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#2826845 - 01/09/17 08:26 AM Re: Ipad synth apps now better still not atractive for you? [Re: RABid]
AnotherScott Offline
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Originally Posted By: RABid
Sounds like you are not bothered by the limitations and restrictions of IOS. If not, great. Go for it. Those of us that prefer to use a notebook, it is not because we are stupid. We just prefer a different environment. To each his own.

Of course! And I never insulted anyone who uses a notebook, and am also perfectly aware of the numerous limitations of IOS. I was only responding to your comment, "other than cost I see no benefit of using an iPad over a notebook" - each environment has benefits. And when I pointed out iPad benefits, Markay asked for specific examples, so I provided them. But sure, to each his own!

Originally Posted By: RABid
I find it easier to sit a notebook on the right side of my JP80, Virus TI or any other keyboard with a knob-free flat area than to come up with a mount for the iPad. I could lay the iPad on the same spot but they are easier to slide around and I prefer to view an upright screen.

Coming up with a mount is not a difficult thing to do. Here's the one I use. It gives me the upright screen that you and I both prefer, and it fits on almost any keyboard, since it requires much less free panel space than a notebook (about 4" square). It can hold the iPad Mini, regular size, or jumbo pro, either horizontally or vertically as you prefer, height and tilt angle are easily adjustable.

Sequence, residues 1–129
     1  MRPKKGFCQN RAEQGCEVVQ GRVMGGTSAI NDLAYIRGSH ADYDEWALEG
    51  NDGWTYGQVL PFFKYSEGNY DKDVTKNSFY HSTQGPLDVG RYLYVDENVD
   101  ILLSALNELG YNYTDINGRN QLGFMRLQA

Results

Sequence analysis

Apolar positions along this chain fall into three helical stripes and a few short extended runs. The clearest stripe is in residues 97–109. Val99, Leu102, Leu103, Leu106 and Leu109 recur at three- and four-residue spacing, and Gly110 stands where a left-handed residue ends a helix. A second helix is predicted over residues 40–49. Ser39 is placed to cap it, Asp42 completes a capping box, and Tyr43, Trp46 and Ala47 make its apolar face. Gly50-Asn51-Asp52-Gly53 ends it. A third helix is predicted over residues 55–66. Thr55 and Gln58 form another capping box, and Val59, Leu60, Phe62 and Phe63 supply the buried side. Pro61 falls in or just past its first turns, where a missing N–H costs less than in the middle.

Originally Posted By: RABid
Also, lack of touch on my MacBookPro does not really bother me. I find a mouse pointer to be more exact than the fat tip of my finger and a proper keyboard really speeds up searching for a sound.
Personally, if I were going to use a MacBook in a live gigging situation (which is something I still might do), I'd probably either mirror the screen to my iPad or use an IOS app like Set List Maker or iMidiPatchbay to send Program Change commands to the MacBook, rather than use a mouse and keyboard to navigate between sounds, which seems not so desirable to me mid-song. Here's a video showing one approach to a Mainstage screen that looks like it would be handy to operate by touch via remote iPad display...


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#2827029 - 01/10/17 04:16 AM Re: Ipad synth apps now better still not atractive for you? [Re: AnotherScott]
Markay Offline
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This thread evolved into a collection of the most bizarre comments on iOS v OSX v Windows v Hosts v legacy VST's I figured I might as well stoke the fire further.

Taking most of the points raised with being bothered to snip and quote.

Tablet Optimized GUI's.

I shudder every time this gets raised in my work place. It all comes down to throwing away 90% of the functionality of a fully featured web app or spreading the content of one screen over nine screens once 'optimized' for 10" or 5" touch device.